After years of being involved in administering different online communities, as well as developing the software for them, one thing never stops shocking me. When you get a user that crosses the line and you ban them, or take any action so they can no longer contribute to your online community, they start yelling that you are violating their constitutional right to freedom of speech.
The AP takes a good look at this today:
Say it on the Internet, and you'll find that free speech and other constitutional rights are anything but guaranteed.
Companies in charge of seemingly public spaces online wipe out content that's controversial but otherwise legal. Service providers write their own rules for users worldwide and set foreign policy when they cooperate with regimes like China. They serve as prosecutor, judge and jury in handling disputes behind closed doors.
When I hear people complain that a site is taking away from someones freedom of speech, I always point to shopping malls. Go into a shopping mall and start saying whatever you feel like. If the management of that mall doesn't like that, they will throw you out. It's private property and they have the right to. The same thing applies to websites. The owners of that website pay for hosting and have to adhere by the terms of a hosting company. That hosting company is also a private business, so in the end it's much like the mall scenario.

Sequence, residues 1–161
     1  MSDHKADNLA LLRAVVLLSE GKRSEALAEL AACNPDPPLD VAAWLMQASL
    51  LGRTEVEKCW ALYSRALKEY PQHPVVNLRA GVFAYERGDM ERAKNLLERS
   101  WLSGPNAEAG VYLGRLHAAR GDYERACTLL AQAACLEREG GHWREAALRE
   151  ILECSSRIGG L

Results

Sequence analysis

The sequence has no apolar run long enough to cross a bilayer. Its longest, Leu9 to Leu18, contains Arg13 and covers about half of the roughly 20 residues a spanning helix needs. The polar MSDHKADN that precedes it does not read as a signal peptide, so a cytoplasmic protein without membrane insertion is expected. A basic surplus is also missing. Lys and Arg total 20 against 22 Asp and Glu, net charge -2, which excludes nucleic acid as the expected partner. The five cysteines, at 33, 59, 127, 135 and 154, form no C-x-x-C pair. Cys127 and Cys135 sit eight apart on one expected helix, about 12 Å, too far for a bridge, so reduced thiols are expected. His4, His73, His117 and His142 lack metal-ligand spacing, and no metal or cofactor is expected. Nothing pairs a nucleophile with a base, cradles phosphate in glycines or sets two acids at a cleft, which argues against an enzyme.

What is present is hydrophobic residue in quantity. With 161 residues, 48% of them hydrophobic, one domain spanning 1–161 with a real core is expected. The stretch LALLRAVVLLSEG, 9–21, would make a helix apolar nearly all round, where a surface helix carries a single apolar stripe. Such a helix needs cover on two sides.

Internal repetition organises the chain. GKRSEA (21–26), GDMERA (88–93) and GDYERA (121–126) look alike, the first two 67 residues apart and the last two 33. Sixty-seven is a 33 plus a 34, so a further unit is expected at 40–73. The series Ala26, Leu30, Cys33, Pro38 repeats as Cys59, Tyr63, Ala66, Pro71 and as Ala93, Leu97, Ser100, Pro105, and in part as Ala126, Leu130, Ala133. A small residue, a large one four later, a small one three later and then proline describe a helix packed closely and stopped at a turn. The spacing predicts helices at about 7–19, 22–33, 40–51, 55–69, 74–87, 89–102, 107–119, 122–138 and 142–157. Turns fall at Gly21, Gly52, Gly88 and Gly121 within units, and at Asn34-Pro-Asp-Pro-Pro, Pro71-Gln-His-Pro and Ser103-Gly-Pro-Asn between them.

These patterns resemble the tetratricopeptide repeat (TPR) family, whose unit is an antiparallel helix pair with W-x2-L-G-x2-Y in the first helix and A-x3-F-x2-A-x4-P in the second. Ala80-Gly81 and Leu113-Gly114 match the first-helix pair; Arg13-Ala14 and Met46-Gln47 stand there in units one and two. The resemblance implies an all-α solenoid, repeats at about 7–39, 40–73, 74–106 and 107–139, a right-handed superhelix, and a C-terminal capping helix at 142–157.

So next time you want to go on a rant in the comments section of a blog, just remember that the owner of that blog can stop you from posting, and it's not a "violation of freedom of speech". Instead they are exercising their rights as a business/site owner.